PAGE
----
Desperate efforts are being made to develop a technology for effective and efficient treatment of polluted water in the Fukushima Daiichi Nuclear Power Plant. A research team of Showa Denko and Hitoshi Mimura of Tohoku University developed a technology to bake and harden residues of highly concentrated radioactive effluent, making it possible to harden unstable sludge residues into a stable substance. Ferrocyanide adsorbs radioactive substances like cesium effectively. Although it has 10 times stronger adsorption power than zeolite, it deposits muddy substance called waste sludge. The purification equipment from Areva of France running in Fukushima uses ferrocyanide. In Fukushima, the waste tank installed underground has a capacity of 700 cubic meters, but it is already filled with 600 cubic meters of waste sludge at present.
The above research team mixed ferrocyanide residues with special zeolite at a ratio of 1 to 1-2 and baked them at 800-1,000 degrees centigrade, and subsequently pressed the resultant product under high pressure. This technology can seal radioactive substances completely in a solid as stable as dried cement. Should this technology be applied, it will be possible to establish a treatment cycle that scoops the surface soil in the highly contaminated area, mixes the surface soil with water and ferrocyanide to eliminate radioactive substances, and solidifies the residue. The new technology has rather high removal efficiency because it can separate cesium and strontium from the soil almost entirely. Showa Denko plans to sell it to Tokyo Electric Power Company with the help of Atomic Energy Society of Japan.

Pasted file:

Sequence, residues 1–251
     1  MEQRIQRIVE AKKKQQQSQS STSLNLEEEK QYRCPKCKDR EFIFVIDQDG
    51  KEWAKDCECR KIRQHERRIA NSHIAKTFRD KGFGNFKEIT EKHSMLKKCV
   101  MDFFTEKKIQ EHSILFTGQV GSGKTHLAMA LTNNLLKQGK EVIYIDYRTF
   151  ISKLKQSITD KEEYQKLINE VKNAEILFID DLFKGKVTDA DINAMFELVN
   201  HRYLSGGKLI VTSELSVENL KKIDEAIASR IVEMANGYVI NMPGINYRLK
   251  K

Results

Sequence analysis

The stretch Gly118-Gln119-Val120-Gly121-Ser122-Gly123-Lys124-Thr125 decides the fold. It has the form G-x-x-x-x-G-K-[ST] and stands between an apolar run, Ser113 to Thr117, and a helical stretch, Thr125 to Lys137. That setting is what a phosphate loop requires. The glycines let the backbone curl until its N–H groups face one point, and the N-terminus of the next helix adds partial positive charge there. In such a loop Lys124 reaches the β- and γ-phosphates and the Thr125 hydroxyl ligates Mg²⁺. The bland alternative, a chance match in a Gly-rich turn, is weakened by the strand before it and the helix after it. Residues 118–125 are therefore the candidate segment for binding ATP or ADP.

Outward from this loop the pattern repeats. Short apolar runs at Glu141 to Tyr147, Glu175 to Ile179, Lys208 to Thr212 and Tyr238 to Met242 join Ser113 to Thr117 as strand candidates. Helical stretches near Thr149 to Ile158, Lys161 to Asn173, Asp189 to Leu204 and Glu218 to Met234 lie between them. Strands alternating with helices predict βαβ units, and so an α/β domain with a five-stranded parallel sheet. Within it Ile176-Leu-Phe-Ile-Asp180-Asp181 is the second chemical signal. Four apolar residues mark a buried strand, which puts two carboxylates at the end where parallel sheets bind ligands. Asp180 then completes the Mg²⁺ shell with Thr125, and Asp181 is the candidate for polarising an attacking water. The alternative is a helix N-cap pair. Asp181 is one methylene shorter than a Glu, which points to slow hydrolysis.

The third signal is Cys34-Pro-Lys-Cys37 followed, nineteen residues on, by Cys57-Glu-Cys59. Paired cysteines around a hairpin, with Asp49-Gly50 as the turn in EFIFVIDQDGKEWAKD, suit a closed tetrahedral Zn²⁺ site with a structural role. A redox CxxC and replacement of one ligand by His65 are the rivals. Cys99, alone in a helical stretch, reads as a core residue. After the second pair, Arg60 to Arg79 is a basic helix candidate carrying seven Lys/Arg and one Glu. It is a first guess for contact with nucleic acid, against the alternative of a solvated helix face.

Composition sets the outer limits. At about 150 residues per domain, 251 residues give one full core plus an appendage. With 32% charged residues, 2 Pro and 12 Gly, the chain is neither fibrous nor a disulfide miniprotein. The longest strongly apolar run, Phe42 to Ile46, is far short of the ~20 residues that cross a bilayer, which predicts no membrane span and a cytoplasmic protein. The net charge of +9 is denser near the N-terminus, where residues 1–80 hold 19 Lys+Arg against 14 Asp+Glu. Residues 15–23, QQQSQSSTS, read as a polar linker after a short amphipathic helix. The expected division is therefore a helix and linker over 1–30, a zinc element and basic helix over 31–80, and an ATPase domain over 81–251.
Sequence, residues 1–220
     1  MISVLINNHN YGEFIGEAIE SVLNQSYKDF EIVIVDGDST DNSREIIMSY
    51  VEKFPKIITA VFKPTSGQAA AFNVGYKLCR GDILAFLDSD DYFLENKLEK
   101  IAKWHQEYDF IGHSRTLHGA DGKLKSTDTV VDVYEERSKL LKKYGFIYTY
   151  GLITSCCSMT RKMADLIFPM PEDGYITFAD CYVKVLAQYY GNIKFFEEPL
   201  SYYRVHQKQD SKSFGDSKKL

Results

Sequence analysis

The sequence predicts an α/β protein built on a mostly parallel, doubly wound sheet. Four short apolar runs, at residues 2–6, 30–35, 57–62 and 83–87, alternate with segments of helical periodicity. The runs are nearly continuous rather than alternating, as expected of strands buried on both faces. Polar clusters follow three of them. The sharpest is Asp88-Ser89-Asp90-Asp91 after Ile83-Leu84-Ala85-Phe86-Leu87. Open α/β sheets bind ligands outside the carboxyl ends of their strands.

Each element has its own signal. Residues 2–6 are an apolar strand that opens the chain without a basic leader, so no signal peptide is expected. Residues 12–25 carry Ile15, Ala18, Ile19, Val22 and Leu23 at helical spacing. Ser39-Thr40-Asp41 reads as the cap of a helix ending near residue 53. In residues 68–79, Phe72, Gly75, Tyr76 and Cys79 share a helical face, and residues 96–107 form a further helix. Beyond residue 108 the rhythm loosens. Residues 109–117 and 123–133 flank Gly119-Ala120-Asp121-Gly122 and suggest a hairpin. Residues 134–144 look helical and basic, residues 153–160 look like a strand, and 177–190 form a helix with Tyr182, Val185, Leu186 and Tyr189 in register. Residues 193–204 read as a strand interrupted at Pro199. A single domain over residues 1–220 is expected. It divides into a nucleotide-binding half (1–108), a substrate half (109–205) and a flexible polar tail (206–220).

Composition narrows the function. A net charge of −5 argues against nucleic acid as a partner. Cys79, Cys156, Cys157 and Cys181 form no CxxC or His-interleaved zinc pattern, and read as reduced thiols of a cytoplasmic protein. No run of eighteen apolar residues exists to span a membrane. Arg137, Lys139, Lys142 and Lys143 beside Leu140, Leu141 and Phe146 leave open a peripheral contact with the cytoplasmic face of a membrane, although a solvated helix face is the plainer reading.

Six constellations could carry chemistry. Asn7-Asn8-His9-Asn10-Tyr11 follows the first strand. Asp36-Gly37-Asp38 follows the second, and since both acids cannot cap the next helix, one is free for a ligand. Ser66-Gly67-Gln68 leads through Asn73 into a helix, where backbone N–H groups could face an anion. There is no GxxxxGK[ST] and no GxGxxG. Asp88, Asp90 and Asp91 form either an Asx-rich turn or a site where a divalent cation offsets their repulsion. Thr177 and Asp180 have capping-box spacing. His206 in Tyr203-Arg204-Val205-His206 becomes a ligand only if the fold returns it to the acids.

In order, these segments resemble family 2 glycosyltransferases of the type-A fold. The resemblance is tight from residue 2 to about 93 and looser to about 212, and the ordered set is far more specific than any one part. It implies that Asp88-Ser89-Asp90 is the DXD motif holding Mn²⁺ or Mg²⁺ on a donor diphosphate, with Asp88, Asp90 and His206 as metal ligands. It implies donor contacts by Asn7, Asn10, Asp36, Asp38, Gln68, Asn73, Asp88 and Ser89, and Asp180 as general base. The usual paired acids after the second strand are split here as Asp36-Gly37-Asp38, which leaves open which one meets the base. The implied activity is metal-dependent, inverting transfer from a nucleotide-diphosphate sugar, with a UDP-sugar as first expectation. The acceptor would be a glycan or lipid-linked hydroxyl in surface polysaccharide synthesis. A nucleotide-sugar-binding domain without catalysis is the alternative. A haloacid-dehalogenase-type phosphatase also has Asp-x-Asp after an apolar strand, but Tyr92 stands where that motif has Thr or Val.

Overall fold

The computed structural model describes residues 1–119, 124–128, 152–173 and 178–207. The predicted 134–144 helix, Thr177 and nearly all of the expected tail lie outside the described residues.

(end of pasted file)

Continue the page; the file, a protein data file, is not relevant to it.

Toshiba presented the manufacturing process of the Advanced Liquid Processing System (ALPS) that can eliminate 62 kinds of radioactive substances including strontium. It can process 500 tons of polluted water per day. Because about 200,000 tons of polluted water still exists on the premises of the Fukushima Daiichi Nuclear Power Plant, it will supposedly take about 400 days to treat all the polluted water. Toshiba’s ALPS will be installed late August, and the trial run will start in September. Using the special resins and activated charcoal, it can decrease the concentration of radioactive substances to lower than the legal level.
The adsorption tower of Toshiba’s Advanced Liquid Processing System (ALPS) that can eliminate 62 kinds of radioactive substances in water.